I use my own unique top bracing pattern. This is a much freer bracing design than that commonly used by others, which supports the neck and fingerboard extension in such a manner that the top is better able to withstand the pulling force exerted by the strings. To the player, this means more stable and consistent action and reduced truss rod adjustments as the instrument matures. I have never had a guitar returned for a neck reset so this supports my decison to continue this upper bout bracing pattern.

Bridge plates are rift sawn hard Maple, Brazilian Rosewood, Honduran Rosewood, Paudauk or Osage Orange, depending on the tone I am trying to achieve for the player. Lately I have been using a Paudauk/Brazilian RW or Wenge/Brazilian laminated bridge plate. This new design offers superior tone, wear resistance and is extremely stable and virtually crack proof.

McKnight braced tops start with an X-style bracing pattern with a varying X angle dependant on the tone the customer desires. [Sorry, but I am not posting any pictures of it because it is proprietary in design]. Each smaller brace is “coupled” to the main X brace and glued in place using hot hide glue to allow the top to function as an engineered system. The mechanical coupling allows the brace design to function as a conduit system to transfer vital vibration energy from the central point of excitation (the bridge) and the vibration energy is evenly dispersed over a wider area of the top. The final step is to shape each brace to achieve the optimal balance of tone and volume without sacrificing structural integrity. The top is placed in a specialized fixture and each brace is carved to produce the optimum tone in each quadrant of the top. The voicing process is very slow, tedious and yet methodical yielding the desired tone that the customer has requested. Next the braces are final shaped and sanded to a 320 grit degree of smoothness. Lastly the top (interior surface) is sealed with a thin wash coat of shellac. This adds stiffness and also retards the exchange of moisture from the wood. This allows the guitar to handle humidity changes in a more even and controlled manner.

Sides are bent in a special Fox-style side bending machine. The sides are precisely thickness sanded on a wide belt sander, then spritzed with de-ionized water. The side pairs are then sandwiched between two stainless-steel pre-heated slats and placed in the bender. The waist is bent first, then the upper and lower bouts are bent and clamped to conform to the desired shape. The bender is set to “cook” the wood for fifteen minutes, and then is turned off to cool overnight. The sides are “cooked” for an additional fifteen minutes the following day, to remove any harmful excess moisture and to set the side shape permanently. The bender is allowed to cool and the sides are removed. This process provides two identically shaped sides with absolutely no tension in the wood. The wood will now be stable and retain this shape for the rest of its life!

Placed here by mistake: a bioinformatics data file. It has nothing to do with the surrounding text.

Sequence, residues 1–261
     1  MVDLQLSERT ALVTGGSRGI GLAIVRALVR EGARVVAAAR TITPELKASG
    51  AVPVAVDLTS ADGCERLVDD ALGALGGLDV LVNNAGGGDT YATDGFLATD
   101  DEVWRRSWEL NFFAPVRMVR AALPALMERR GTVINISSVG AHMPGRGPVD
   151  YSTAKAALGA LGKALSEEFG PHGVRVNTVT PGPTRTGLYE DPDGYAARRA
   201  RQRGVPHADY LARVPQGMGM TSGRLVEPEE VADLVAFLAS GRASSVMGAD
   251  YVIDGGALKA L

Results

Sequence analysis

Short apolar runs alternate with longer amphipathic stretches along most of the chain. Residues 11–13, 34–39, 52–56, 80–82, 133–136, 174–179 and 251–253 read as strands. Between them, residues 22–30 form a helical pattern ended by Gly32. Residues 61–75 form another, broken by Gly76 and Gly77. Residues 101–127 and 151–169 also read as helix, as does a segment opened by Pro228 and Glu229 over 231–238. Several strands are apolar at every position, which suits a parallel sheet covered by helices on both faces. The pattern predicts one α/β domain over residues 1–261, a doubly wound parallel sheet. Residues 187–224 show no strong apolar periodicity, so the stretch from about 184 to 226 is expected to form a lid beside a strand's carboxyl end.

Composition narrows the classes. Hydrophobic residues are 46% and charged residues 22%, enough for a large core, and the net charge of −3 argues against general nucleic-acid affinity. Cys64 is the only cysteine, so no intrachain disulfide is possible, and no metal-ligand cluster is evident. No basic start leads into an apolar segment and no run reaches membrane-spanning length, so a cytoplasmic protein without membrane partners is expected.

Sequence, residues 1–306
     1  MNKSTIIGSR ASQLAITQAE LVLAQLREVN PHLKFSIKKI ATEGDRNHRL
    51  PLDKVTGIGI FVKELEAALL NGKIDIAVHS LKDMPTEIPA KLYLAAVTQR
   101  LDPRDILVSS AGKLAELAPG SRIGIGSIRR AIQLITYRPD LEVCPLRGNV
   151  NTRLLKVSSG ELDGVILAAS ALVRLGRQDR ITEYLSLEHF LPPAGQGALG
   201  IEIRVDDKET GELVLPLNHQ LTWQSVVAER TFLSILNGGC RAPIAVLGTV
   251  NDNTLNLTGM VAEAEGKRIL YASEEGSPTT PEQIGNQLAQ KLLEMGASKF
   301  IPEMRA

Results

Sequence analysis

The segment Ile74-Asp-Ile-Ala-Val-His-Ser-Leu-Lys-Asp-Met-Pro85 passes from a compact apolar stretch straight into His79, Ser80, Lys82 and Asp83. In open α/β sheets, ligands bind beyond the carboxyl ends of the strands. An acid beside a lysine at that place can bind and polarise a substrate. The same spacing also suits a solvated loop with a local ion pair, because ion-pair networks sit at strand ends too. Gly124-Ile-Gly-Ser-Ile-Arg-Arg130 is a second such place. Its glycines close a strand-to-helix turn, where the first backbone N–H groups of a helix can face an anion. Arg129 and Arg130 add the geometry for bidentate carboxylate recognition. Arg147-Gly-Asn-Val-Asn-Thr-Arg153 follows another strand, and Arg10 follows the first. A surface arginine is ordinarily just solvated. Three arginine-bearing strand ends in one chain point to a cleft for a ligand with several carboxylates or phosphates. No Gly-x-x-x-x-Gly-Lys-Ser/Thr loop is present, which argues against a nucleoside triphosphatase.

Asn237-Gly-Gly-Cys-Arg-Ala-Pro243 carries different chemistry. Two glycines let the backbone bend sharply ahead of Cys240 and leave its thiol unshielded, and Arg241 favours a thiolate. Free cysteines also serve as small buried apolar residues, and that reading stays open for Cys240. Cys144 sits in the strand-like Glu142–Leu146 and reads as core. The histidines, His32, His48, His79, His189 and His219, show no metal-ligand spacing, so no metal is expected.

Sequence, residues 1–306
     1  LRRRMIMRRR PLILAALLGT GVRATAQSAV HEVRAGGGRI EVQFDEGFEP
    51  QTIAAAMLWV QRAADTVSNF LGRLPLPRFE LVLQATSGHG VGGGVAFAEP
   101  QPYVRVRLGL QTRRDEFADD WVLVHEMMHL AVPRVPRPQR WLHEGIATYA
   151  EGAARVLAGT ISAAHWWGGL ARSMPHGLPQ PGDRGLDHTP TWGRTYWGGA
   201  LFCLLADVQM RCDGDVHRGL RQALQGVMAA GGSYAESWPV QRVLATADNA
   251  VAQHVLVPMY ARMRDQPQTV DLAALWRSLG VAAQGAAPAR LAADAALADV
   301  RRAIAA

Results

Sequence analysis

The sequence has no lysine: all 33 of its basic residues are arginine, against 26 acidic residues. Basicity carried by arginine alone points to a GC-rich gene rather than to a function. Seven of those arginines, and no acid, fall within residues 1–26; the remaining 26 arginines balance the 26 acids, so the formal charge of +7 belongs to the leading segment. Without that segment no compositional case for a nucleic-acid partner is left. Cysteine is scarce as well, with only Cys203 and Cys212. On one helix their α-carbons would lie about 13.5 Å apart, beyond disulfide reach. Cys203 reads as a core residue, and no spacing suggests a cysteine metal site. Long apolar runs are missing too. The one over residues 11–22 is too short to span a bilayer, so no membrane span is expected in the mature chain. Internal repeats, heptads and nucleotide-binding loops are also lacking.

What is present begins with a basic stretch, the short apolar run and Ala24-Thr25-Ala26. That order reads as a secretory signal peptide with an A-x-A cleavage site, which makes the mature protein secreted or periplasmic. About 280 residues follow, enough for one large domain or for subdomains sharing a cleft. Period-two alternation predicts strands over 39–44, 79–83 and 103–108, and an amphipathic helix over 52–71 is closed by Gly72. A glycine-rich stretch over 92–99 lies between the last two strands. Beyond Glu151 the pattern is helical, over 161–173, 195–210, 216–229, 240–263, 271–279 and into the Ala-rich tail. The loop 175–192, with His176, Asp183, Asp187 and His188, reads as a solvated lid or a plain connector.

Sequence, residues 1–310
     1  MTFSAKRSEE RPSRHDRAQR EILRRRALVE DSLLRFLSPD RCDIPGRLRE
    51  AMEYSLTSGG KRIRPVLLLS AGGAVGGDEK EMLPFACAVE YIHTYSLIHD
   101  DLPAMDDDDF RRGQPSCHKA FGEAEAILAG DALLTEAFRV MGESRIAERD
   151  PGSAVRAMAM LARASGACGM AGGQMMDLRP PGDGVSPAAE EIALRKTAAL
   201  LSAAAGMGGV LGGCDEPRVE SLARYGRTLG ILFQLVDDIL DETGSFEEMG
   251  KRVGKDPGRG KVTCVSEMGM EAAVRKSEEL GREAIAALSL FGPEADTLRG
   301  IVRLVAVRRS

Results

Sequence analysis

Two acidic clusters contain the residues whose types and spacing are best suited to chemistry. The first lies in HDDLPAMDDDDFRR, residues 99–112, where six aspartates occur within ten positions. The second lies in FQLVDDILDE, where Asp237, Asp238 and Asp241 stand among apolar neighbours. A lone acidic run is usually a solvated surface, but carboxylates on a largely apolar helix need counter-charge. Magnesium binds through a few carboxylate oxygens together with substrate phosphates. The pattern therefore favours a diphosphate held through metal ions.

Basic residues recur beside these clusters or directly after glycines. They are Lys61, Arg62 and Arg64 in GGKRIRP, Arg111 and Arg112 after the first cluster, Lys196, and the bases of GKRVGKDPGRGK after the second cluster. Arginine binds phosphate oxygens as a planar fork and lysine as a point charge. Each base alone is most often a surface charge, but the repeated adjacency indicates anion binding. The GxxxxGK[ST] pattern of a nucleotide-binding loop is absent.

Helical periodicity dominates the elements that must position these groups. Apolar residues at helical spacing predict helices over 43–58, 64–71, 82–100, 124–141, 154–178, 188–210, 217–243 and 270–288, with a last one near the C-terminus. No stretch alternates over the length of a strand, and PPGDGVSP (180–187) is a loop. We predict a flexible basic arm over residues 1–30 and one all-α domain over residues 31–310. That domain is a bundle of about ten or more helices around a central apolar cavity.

I no longer use wooden strips or glue-soaked cloth strips along the inner sides to prevent cracks or stabilize the sides. My new "DOUBLE SIDES" are now fabricated from FOUR individual sides and then laminated with epoxy glue, in a form under extreme pressure. This process prevents the DOUBLE SIDES from cracking and also provides an extremely stiff rim set to rigidly support the top and back vibrating plates.


I prefer to use complimentary figured hardwood binding on all of my guitars for a pleasing aesthetic package. Plastic binding has its place if the guitar will be used in a professional road life situation where maximum protection from abuse is required. My hardwood binding is bent in the same manner as the DOUBLE SIDES to retain their shape and eliminate any tension in the sound box.

I use genuine Honduras Mahogany, Spanish Cedar< Wild Black Cherry or Black Walnutfor my own reverse kerfed linings because it is known for its stability, strength and lightness. I install my linings “backwards” as compared to most builders. This has no effect on sound, but makes a more rigid DOUBLE SIDE rim set and produces a clean finished look inside of the instrument. When you look in through the sound hole of a McKnight, you will not see all of those rough looking saw kerfs in the lining that are common in many guitars. Instead, my lining has a smooth, pleasing and finished appearance.

Once the DOUBLE SIDE sets are assembled, it’s time to sand the proper angle on the top and back kerfed lining surfaces. I use an abrasive-covered concave sanding dish in a motorized fixture to sand the top edge to a 30 foot radius. The back kerfed lining surface is sanded to a 15 foot radius and the top to a 30 foot radius. These precisely sanded surfaces produces a perfect joint when I glue the 30 foot radius top and the 15 foot radius back on the laminated DOUBLE SIDE set. I make every effort to eliminate ALL tension or stress in every joint of the guitar. If a joint doesn’t fit perfectly in the build process, it will constantly be under tension or compression, which will ultimately lead to failure of the joint and loss of energy. I build McKnight guitars right the FIRST time.